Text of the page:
Hyperinsulinemia Inhibits Myocardial Protein Degradation in Patients With Cardiovascular Disease and Insulin Resistance
Background Insulin resistance, hyperinsulinemia, and myocardial hypertrophy frequently coexist in patients. Whether hyperinsulinemia directly affects myocardial protein metabolism in humans has not been examined, however. To test the hypothesis that hyperinsulinemia is anabolic for human heart protein, we examined the effects of insulin infusion on myocardial protein synthesis, degradation, and net balance in patients with ischemic heart disease.
Methods and Results Eleven men (aged 57±3 years) with coronary artery disease who had fasted for 12 to 16 hours received a constant infusion of insulin (50 mU · m−2 · min−1) while plasma concentrations of glucose and amino acids were kept constant. Rates of myocardial protein synthesis, degradation, and net balance were estimated from steady state extraction and isotopic dilution of L-[ring-2,6-3H]phenylalanine across the heart basally and 90 minutes into infusion. Subjects had elevated fasting plasma insulin concentrations (173±21 pmol/L) and used little exogenous glucose during insulin infusion, suggesting resistance to the effects of insulin on whole-body carbohydrate metabolism. Basally, myocardial protein degradation, as estimated by phenylalanine release (133±28 nmol/min), exceeded protein synthesis, estimated by phenylalanine uptake (31±15 nmol/min), resulting in net negative phenylalanine balance (−102±17 nmol/min). Insulin infusion reduced myocardial protein degradation by 80% but did not affect protein synthesis, returning net phenylalanine balance to neutral.
Conclusions Acute hyperinsulinemia markedly suppresses myocardial protein degradation in patients with cardiovascular disease who are resistant to its effects on whole-body glucose metabolism. This antiproteolytic action represents a potential mechanism by which hyperinsulinemia could contribute to the development of myocardial hypertrophy in patients with cardiovascular disease.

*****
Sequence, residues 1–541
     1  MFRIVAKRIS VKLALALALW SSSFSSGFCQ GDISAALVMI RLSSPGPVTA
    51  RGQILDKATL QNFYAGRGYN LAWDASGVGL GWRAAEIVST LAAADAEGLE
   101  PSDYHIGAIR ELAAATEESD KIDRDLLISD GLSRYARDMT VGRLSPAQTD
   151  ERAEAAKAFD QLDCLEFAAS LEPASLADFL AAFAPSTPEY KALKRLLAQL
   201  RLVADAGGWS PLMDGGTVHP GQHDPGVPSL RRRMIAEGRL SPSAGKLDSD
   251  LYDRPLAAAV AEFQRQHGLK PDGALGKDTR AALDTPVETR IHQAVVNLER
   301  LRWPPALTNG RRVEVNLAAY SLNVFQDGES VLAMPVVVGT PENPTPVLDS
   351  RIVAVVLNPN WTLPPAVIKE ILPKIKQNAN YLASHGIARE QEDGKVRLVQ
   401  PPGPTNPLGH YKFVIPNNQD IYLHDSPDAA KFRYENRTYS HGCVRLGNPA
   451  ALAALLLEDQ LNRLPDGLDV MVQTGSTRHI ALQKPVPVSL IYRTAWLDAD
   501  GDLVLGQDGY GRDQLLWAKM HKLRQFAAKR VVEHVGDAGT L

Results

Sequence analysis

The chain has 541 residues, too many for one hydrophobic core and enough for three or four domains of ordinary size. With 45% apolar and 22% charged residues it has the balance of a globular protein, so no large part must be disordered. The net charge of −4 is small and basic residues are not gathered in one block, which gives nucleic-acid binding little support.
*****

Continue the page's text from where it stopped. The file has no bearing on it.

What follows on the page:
Considerable experimental and epidemiological evidence supports an association between insulin resistance, hyperinsulinemia, and cardiovascular disease.1 Patients with essential hypertension commonly exhibit impaired insulin-stimulated skeletal muscle glucose uptake, resulting in compensatory elevation of plasma insulin concentration.1 2 3 This tendency may be amplified by aging,4 obesity,5 physical deconditioning,6 or the development of congestive heart failure.7 Significantly, hypertension is a common antecedent of myocardial hypertrophy, a condition that confers substantial risk of morbidity and mortality.8 Hypertrophy is also frequently noted in patients with coronary artery disease in the absence of hypertension, and in this situation too is associated with a poor prognosis.9 In light of a large body of evidence indicating that insulin exerts an anabolic effect on muscle protein, these observations raise the question of whether hyperinsulinemia might independently contribute to the development of myocardial hypertrophy in patients.
Our laboratory has shown previously that rates of myocardial protein synthesis and degradation can be estimated in intact animals using steady state radiotracer infusion combined with arterial–coronary sinus catheterization, without the need for tissue biopsy.10 Using this technique, we have observed that protein in the human heart undergoes continual turnover, with a half-life of approximately 10 days.11 More recently, we demonstrated that hyperinsulinemia acutely suppresses myocardial protein degradation in anesthetized dogs.12 In the present study, we have combined substrate clamp techniques with steady state radiotracer infusion and coronary sinus catheterization to examine the acute effects of hyperinsulinemia on heart protein turnover in patients with coronary artery disease.
Eleven men aged 57±3 years (range, 46 to 71 years) were enrolled from a population of patients referred for elective coronary angiography to evaluate angina pectoris. Because a principal hypothesis of this study was that the secondary hyperinsulinemia of insulin-resistant patients with cardiovascular disease may have an anabolic effect on myocardial protein, we chose study subjects with characteristics associated with insulin resistance and hyperinsulinemia. Our subjects were sedentary and mildly obese (body mass index, 28.1±1.1 kg/m2). Nine of 11 patients had a history of essential hypertension. All subjects had obstructive atherosclerosis (defined as >50% luminal narrowing) involving one or more (mean, 2.2±0.4) of the three major coronary arteries. Myocardial function was preserved, with left ventricular ejection fraction averaging 56±4%. Patients with a history of diabetes mellitus, unstable angina pectoris, Q-wave myocardial infarction affecting the anterior portion of the left ventricle, or recent myocardial infarction in any location were excluded. Seven subjects were using calcium channel antagonists, 6 were taking β-adrenergic blockers, and 5 were using long-acting nitrates.